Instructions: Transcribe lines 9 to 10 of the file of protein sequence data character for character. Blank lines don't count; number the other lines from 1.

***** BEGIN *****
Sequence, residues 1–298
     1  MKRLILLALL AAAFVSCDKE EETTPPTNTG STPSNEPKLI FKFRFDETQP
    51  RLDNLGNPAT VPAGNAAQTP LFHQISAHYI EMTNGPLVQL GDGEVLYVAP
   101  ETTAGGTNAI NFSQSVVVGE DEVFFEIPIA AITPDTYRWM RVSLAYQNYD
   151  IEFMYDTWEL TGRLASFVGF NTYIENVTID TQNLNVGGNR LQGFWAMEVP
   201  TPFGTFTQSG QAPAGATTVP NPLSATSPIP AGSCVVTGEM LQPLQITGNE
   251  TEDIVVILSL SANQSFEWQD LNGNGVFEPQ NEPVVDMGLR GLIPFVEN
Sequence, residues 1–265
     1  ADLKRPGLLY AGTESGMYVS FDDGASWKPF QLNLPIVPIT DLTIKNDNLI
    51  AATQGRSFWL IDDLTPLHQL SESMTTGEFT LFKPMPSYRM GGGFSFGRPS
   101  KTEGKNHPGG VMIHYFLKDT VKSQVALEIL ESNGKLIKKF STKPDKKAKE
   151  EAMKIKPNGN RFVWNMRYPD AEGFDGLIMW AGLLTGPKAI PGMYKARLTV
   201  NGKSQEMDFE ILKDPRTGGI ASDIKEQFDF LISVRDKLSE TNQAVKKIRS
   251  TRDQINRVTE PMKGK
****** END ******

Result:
     1  ADLKRPGLLY AGTESGMYVS FDDGASWKPF QLNLPIVPIT DLTIKNDNLI
    51  AATQGRSFWL IDDLTPLHQL SESMTTGEFT LFKPMPSYRM GGGFSFGRPS